Blanchette pinned six of his opponents and spooked many others. He would shuffle onto the mat wearing a hockey goalie's mask to protect his face from banging into the other guy's knees.
"I looked like Jason in those Friday the 13th movies," he said. "That had to be a little intimidating. I couldn't look at myself in the mirror."
Said Cornell: "Craig's never considered himself disabled. He's just done without."
Blanchette holds world wheelchair records in the 10 and 12 kilometers. In his record-setting 10K race, his mile split times averaged around 3:30--16.32 seconds faster than Steve Cram's world track record for the mile.
Until this year, he also owned world-best times in the 15K and 1,500 meters. After he signed with Nike in 1989, Blanchette began to transcend his sport. He popped up on the Arsenio Hall Show, The Today Show and Evening Magazine. He's now recognized in every city, including Sydney, Australia, where he picked up his only victory this year on Jan. 26.
None of this would have happened had Blanchette not seen his coach, Kevin Hansen, cruise past his house in a racing chair while he tended his mother's garage sale one day in 1985. Hansen put Blanchette on a 30-mile-a-week training regimen--designed to maximize speed and recovery ability--applying the same principals as Bill Bowerman, former Oregon coach, used with his track athletes.
Such training revolutionized the sport, as was witnessed in the Seoul Olympics. Though Blanchette finished third in the 1,500, many felt the race's eventual winner, France's Mustapha Budid (who broke Blanchette's 15K record in February) was holding on for dear life for the first three laps. Blanchette opened inside lanes for Budid after he led the first two laps. Budid refused to make a move and stayed in Blanchette's draft. Budid and Belgium's Paul Van Winkel finally jumped on a tired Blanchette on the final lap and nosed him out by 2 1/2 meters.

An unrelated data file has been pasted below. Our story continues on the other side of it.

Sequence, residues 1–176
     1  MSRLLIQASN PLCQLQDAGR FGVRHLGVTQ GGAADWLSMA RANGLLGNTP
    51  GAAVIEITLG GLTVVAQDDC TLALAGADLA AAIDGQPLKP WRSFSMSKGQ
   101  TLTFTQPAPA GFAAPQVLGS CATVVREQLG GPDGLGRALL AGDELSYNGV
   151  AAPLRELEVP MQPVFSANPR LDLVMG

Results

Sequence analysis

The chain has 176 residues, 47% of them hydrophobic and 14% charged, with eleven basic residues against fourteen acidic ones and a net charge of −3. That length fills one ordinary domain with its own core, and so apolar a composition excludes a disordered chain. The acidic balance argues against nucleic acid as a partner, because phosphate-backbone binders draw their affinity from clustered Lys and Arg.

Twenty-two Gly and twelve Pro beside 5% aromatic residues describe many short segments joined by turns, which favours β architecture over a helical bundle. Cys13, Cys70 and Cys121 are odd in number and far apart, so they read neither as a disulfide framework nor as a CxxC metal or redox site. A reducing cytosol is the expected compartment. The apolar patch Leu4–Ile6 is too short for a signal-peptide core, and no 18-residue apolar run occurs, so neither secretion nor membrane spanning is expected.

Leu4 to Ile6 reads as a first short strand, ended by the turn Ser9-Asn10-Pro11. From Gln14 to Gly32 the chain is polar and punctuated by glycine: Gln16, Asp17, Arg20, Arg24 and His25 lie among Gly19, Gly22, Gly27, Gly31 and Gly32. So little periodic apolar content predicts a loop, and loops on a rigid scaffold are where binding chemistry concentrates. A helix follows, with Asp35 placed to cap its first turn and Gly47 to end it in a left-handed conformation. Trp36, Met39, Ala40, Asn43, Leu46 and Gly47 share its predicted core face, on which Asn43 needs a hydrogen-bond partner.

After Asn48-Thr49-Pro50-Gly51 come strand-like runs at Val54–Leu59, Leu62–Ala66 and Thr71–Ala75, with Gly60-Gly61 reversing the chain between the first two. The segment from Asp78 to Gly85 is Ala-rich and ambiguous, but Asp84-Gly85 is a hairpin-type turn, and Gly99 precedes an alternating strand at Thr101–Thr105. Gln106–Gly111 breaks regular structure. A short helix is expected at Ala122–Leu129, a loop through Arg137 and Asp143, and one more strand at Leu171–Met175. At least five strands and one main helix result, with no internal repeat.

"I heard (Budid) say I was much too strong for him to go around me," Blanchette said. "I ran as fast as I could go. I ran, in my opinion, the kind of race that's supposed to be run in the Olympics. He was being a wimp. He was putting out about 40% less effort.
"If he didn't hold back, I would have definitely beat him. I ran my fastest race ever and came up with a bronze. At the time, it was hard for me to understand. But I've learned and grown."
Blanchette is now learning about the spoils of success. He took part of the winter off from training. And, although he appears on target to break his mile record in June, Blanchette has started 1990 slowly. His last three races have produced second-, second-, and fifth-place finishes. Not bad by most people's standards. Not good by Blanchette's.
Said Hansen, "He's in the same class as Greg LeMond. Both had great years last year and have been on the banquet circuit. Now he's going to have to come back and show what a true champion he is."
"I don't think he's even touched his potential," said Cornell, who expects to be chasing Blanchette for the lead in Sunday's race. "He's had a down period lately, but he's still got a lot of doors to unlock.
"We had 20,000 people on that course last year. This should be right up his alley. I think it's show time for him."
Craig Blanchette's biggest competition should come from Doug Kennedy, Jim Knaub and Rafael Ibarra. . . . The rectangular course in downtown La Jolla starts and finishes at the intersection of Girard and Silverado. . . . Activity includes a bicycle products expo at 11 a.m. and a bicycle freestyle stunt show at 12:30 p.m., a human-powered vehicle race at 2 p.m. and a celebrity race at 2:40 p.m. . . . La Jolla will also be host to its sixth half marathon foot race from Del Mar Race Track to La Jolla Cove, beginning at 7 a.m. Sunday.